The yen was headed for its worst week in two-and-a-half years on Friday, as worries about the coronavirus’ spread in South Korea, Japan and Beijing drove funds from Asia to the towering U.S. dollar.
Two days of heavy selling, following weak domestic data and growing fears about the virus’ economic fallout, has the yen at its lowest since last April and investors questioning its worth as a safe haven. It has lost 2% on the dollar since Wednesday, reports Reuters.
The virus has killed more than 2,200 people in mainland China and efforts to contain it have largely paralysed the world’s second biggest economy. On Friday South Korean authorities confirmed 52 new coronavirus infections, Yonhap reported, bringing its total to 156 and raising further alarm about the epidemic.
Two infected passengers from a cruise ship quarantined near Tokyo have died, and two passengers evacuated from the liner to Australia have now tested positive.
“New cases in (South) Korea and in Japan, (have) obviously given some people a little bit of cold feet regarding Japan and the yen as a safe haven,” said David Bloom, global head of FX at HSBC.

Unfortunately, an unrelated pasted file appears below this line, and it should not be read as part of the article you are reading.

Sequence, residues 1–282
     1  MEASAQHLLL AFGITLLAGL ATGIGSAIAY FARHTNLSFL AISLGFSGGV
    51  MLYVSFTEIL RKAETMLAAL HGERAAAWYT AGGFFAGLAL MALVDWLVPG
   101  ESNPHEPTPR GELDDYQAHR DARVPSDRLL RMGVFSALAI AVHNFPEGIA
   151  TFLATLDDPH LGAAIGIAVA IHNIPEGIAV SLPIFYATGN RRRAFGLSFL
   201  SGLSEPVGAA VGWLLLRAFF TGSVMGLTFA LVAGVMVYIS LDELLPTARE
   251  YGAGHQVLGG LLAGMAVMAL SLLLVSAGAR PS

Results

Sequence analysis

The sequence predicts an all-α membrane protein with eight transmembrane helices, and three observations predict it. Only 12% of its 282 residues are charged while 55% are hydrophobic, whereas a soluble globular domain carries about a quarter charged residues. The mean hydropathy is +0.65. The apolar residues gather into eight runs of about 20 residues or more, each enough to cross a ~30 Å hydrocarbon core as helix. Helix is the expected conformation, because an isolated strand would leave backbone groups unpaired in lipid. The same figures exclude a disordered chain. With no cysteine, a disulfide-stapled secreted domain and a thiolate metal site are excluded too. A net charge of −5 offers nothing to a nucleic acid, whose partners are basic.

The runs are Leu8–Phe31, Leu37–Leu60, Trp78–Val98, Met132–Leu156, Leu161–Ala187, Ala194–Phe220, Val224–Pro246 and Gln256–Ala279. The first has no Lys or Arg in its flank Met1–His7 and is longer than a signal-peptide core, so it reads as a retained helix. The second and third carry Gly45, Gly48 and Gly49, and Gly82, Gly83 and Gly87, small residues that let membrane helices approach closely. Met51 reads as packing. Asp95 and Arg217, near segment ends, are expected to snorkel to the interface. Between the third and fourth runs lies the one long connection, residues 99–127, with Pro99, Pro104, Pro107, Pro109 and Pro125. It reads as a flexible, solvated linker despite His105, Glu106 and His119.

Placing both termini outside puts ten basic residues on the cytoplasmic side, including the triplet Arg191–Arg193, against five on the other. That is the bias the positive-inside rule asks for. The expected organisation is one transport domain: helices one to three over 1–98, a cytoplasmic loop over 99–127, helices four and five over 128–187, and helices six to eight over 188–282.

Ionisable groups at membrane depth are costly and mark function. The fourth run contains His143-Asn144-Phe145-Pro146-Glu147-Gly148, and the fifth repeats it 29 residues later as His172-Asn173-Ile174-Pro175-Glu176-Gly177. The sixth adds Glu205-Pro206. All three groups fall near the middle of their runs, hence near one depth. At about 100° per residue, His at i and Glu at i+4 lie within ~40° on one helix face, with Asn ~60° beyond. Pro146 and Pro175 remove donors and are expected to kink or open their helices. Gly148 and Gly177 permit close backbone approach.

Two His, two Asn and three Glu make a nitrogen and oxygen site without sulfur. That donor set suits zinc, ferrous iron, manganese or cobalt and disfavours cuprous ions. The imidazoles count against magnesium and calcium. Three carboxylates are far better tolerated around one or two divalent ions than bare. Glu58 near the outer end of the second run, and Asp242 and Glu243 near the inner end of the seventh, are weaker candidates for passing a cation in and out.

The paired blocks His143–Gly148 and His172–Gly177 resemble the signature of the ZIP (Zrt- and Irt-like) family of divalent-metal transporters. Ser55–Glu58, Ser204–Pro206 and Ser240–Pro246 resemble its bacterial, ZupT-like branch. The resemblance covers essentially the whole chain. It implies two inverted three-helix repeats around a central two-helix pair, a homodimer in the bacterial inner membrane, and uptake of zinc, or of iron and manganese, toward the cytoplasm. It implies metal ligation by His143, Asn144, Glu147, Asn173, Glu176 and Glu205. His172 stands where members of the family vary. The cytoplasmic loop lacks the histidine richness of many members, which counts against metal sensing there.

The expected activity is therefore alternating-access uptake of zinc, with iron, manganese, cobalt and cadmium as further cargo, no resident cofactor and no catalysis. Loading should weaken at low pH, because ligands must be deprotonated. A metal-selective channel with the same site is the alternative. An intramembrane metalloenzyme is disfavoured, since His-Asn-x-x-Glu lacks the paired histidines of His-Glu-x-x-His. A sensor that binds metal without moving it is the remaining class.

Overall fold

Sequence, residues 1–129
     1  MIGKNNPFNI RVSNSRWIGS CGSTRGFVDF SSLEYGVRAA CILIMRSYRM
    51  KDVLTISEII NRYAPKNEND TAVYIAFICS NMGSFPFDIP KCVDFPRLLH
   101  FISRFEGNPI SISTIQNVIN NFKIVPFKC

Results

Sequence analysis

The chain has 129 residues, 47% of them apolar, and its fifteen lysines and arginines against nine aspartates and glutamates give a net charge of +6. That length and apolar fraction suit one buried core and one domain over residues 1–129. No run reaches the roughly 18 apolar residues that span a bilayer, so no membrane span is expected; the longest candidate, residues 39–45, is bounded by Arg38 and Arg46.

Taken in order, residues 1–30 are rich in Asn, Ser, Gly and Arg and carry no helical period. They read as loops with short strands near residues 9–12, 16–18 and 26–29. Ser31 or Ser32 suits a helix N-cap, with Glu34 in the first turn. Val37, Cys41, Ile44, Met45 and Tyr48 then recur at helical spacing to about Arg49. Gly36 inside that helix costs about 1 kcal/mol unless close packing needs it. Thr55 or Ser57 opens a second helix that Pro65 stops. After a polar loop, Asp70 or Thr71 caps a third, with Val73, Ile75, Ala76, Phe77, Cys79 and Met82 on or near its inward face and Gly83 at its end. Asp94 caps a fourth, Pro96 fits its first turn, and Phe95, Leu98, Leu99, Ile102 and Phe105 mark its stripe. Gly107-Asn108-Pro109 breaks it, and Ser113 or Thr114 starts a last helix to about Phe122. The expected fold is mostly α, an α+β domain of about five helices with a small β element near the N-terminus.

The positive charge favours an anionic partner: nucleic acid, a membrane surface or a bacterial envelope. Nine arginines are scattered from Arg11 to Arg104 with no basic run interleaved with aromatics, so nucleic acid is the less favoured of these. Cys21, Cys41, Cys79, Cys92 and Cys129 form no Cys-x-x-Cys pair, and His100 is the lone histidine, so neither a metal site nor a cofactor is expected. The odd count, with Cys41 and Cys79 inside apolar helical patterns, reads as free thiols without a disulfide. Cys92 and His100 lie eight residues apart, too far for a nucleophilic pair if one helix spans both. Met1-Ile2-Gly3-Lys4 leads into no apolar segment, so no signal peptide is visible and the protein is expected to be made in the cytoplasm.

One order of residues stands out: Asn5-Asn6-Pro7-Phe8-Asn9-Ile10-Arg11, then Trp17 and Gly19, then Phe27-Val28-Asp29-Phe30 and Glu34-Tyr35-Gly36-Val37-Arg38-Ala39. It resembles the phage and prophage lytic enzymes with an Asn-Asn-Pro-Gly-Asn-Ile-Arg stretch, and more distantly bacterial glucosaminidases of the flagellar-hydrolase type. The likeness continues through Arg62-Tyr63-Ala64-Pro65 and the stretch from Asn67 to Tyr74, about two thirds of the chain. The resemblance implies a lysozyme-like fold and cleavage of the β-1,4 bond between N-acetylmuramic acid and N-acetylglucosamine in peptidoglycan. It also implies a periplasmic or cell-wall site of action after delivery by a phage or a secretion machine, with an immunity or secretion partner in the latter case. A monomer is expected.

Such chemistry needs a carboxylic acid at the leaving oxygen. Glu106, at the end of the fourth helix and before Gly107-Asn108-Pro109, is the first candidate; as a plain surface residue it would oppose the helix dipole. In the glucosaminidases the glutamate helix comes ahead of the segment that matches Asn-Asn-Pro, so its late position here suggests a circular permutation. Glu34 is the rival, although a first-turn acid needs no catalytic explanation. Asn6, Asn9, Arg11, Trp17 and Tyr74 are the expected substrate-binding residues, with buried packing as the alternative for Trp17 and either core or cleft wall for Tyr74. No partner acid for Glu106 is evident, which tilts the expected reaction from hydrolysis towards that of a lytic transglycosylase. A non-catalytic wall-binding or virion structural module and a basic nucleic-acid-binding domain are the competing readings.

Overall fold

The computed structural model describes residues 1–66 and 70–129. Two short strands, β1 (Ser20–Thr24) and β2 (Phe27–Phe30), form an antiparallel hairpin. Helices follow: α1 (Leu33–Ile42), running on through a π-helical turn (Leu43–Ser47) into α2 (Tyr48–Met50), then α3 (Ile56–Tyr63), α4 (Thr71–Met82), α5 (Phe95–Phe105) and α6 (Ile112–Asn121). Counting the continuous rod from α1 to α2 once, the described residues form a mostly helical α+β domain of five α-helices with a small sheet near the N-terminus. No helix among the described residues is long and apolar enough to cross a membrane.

“They’re thinking: ‘Maybe Swissy and gold are better’. So there is a little bit of scratching of heads, there’s no doubt about it,” he said, adding he was not yet prepared to abandon the idea of the yen as a safety play.
It morning trade it stood at 112.09 per dollar, mirroring weakness other currencies in Asia.
The Korean won has lost about 2% and broke past 1,200 to the dollar this week. The Australian dollar is parked by an 11-year low and, along with New Zealand’s currency, has shed 1.5% for the week.
Both are down more than 5% for the year amid the exodus from export-exposed assets in favour of U.S. dollars.
Against a basket of currencies, the dollar is sitting pretty at a three-year peak.
China’s tightly-managed yuan is sitting just a fraction firmer than a two-and-a-half month low of 7.0547 per dollar touched in offshore trade overnight.
Meanwhile factory activity in Japan suffered its steepest contraction in seven years this month, data showed on Friday.
Should European Purchasing Managers’ Index data show similar softness, another round of dollar buying may be in the offing.
“The U.S. is simply less exposed to any slowdown in global trade, and in terms of currencies it’s the obvious candidate in terms of relatively limited impact from coronavirus,” said Westpac FX analyst Sean Callow.
“If European business takes fright at coronavirus concern, that could be a fresh cause of dollar buying across the board.”
The euro sank to a three-year low this week and last traded at $1.0788. The pound is a fraction firmer than an almost three-month low touched overnight at $1.2884.